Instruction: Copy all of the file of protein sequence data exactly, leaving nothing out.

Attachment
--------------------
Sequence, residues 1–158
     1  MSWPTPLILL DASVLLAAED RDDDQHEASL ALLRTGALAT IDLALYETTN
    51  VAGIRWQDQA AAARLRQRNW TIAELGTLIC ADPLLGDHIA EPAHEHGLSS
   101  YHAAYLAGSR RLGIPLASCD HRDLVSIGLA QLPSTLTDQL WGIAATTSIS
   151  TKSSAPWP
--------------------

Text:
Sequence, residues 1–158
     1  MSWPTPLILL DASVLLAAED RDDDQHEASL ALLRTGALAT IDLALYETTN
    51  VAGIRWQDQA AAARLRQRNW TIAELGTLIC ADPLLGDHIA EPAHEHGLSS
   101  YHAAYLAGSR RLGIPLASCD HRDLVSIGLA QLPSTLTDQL WGIAATTSIS
   151  TKSSAPWP